Imagery pp 45-54 | Cite as

The Healing Powers of the Native American Medicine Wheel

  • Nicholas E. Brink


Atop Wyoming’s Big Horn Mountains is an elaborate configuration of stones. These stones lie in a pattern resembling a large 28-spoke wheel, 80 feet across. It is estimated that perhaps five million similar stone circles or medicine wheels, from 5 to 30 feet in diameter, existed across North America. Artifacts found at the Majorville wheel in Alberta, Canada, indicate the age of this medicine wheel is from 4000 to 5000 years old, built at the time of the construction of the Egyptian pyramids. Eddy (1977) described these, and other medicine wheels, many from 100 to 200 feet across. His evidence suggests that these wheels were used as calendars and instruments of astronomy. Anthropologists might attach a religious significance to such artifacts as the medicine wheel and the medicine bundle, believing these places and objects were used in the worship of the sun, stars, or moon.


Mental Imagery Spiritual Experience Psychosomatic Symptom Marital Therapy Religious Significance 
These keywords were added by machine and not by the authors. This process is experimental and the keywords may be updated as the learning algorithm improves.


Unable to display preview. Download preview PDF.

Unable to display preview. Download preview PDF.


  1. Andrews, L. V. Medicine Woman. New York: Harper & Row, 1981.Google Scholar
  2. Andrews, L. V. Flight of the Seventh Moon. New York: Harper & Row, 1984.Google Scholar
  3. Andrews, L. V. Jaguar Woman. New York: Harper & Row, 1985.Google Scholar
  4. Andrews, L. V. Star Woman. New York: Warner Books, 1986.Google Scholar
  5. Andrews, L. V. Crystalk Woman. New York: Warner Books, 1987.Google Scholar
  6. Araoz, D. L. The New Hypnosis. New York: Brunner/Mazel, 1985.Google Scholar
  7. Assogioli, R. The Act of Will. London: Wildwood House, 1973.Google Scholar
  8. Brink, N. E. Dealing with traumatic images. Bulletin of the American Association of the Study of Mental Imagery, 1979, 2 (2).Google Scholar
  9. Brink, N. E. Imagery and family therapy. In Imagery, Vol. 3, ed. J. E. Shorr, G. Sobel-Whittington, P. Robin, and J. A. Connella. New York: Plenum, 1983.Google Scholar
  10. Brink, N. E. Three stages of hypno-family therapy for psychosomatic problems. Imagination, Cognition and Personality, 1987, 6 (3).Google Scholar
  11. Brown, J. E. The Sacred Pipe, Black Elk’s Account of The Seven Rites of the Oglala Sioux. New York: Penguin Books, 1953.Google Scholar
  12. Castaneda, C. The Teachings of Don Juan, a Yaqui Way of Knowledge. Los Angeles: University of California Press, 1968.Google Scholar
  13. Castaneda, C. A Separate Reality, Further Conversations with Don Juan. New York: Pocket Books, 1971.Google Scholar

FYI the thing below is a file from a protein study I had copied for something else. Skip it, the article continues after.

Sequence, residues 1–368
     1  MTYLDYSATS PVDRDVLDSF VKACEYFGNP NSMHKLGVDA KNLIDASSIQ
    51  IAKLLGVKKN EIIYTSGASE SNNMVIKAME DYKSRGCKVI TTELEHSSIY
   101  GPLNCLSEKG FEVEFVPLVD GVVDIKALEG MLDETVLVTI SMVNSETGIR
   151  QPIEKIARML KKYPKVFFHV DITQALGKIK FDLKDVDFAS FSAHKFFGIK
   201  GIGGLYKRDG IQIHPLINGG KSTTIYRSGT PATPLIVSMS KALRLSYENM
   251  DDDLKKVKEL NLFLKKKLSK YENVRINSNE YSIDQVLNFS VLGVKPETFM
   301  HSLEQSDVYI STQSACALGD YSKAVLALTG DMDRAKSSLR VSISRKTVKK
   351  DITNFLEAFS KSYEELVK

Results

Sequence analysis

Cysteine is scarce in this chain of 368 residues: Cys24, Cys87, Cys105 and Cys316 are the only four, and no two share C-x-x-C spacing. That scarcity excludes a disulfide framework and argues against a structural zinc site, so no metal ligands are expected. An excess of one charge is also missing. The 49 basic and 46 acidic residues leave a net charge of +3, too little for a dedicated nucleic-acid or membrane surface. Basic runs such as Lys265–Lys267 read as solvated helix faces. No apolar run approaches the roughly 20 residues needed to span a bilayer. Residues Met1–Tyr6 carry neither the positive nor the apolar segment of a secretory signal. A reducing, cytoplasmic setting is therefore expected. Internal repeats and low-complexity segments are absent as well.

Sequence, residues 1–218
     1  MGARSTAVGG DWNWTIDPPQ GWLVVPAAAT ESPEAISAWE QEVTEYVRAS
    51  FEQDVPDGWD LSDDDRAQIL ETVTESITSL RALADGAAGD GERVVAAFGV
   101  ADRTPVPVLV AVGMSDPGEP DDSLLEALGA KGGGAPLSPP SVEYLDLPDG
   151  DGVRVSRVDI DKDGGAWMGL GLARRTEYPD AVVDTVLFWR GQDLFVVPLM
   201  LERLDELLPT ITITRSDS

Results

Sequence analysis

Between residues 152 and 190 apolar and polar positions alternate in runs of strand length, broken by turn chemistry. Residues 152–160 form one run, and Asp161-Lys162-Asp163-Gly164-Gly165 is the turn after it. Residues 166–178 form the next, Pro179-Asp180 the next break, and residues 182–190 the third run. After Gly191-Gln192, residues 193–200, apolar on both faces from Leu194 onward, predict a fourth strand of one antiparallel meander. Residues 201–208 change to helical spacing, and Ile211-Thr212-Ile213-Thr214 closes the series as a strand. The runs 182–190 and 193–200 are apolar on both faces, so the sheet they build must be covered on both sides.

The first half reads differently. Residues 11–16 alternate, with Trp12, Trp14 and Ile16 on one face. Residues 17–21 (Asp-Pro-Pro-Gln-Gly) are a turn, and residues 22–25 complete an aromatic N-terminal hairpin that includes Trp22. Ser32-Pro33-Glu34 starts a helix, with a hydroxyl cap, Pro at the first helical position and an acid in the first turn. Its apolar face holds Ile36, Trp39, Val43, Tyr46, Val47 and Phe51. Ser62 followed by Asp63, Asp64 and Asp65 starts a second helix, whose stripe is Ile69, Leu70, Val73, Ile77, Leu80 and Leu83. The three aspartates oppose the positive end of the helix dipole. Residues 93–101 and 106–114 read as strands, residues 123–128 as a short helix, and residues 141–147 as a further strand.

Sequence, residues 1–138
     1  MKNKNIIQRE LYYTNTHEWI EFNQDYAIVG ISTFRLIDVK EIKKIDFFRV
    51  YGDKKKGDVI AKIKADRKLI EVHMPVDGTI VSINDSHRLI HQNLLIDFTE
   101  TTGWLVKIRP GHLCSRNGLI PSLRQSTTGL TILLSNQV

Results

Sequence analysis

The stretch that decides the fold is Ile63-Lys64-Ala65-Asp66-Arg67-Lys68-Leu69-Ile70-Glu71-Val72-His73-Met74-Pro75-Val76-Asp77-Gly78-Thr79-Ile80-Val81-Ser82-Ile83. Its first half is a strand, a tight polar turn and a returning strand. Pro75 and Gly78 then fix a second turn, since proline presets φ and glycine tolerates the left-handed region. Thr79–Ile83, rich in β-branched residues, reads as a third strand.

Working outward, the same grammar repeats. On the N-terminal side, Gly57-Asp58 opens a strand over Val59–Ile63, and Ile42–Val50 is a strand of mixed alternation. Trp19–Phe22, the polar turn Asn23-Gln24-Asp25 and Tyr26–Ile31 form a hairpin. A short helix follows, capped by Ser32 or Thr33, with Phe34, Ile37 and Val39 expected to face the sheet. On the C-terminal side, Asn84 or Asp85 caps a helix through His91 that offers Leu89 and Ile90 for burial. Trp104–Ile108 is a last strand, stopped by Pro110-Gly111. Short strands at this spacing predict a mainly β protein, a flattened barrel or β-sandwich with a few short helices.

14. Castaneda, C. Journey to Ixtlan, the Lessons of Don Juan. New York: Pocket Books, 1972.Google Scholar
  15. Castaneda, C. Tales of Power. New York: Pocket Books, 1974.Google Scholar
  16. Castaneda, C. The Second Ring of Power. New York: Pocket Books, 1977.Google Scholar
  17. Castaneda, C. The Eagle’s Gift. New York: Pocket Books, 1981.Google Scholar
  18. Castaneda, C. The Fire from Within. New York: Simon & Schuster, 1984.Google Scholar
  19. Castaneda, C. The Power of Silence, Further Lessons of Don Juan. New York: Simon & Schuster, 1987.Google Scholar
  20. Deer, J. L., Erdoes, R. Lame Deer Seeker of Visions. New York: Pocket Books, 1972.Google Scholar
  21. Desoille, R. The Directed Daydream. New York: Psychosynthesis Research Foundation, 1966.Google Scholar
  22. Eddy, J. A. Probing the mystery of the medicine wheel. National Geographic, 1977, 151(1), 140–146.Google Scholar
  23. Harner, M. The Way of the Shaman, a Guide to Power and Healing. New York: Bantam Books, 1982.Google Scholar
  24. Haley, J. Ordeal Therapy. San Francisco: Jossey-Bass, 1984.Google Scholar
  25. Neihardt, J. G. Black Elk Speaks. New York: Pocket Books, 1932.Google Scholar
  26. Pickett, E. Fibroid tumors and response to guided imagery and music: Two case studies. Imagination, Cognition and Personality, 1988, 7(2), 165–176.CrossRefGoogle Scholar
  27. Storm, H. Seven Arrows. New York: Harper & Row, 1972.Google Scholar
  28. Storm, H. Song of Heyoehkan. New York: Harper & Row, 1981.Google Scholar
  29. Waters, F. Book of the Hopi. New York: Penguin Books, 1963.Google Scholar
  30. Watkins, J. G. The affect bridge: A hypnoanalytic technique. International Journal of Clinical Hypnosis, 1971, 19, 21–27.CrossRefGoogle Scholar

Copyright information

© Springer Science+Business Media New York 1989

Authors and Affiliations

  • Nicholas E. Brink
    • 1
  1. 1.LewisburgUSA

Personalised recommendations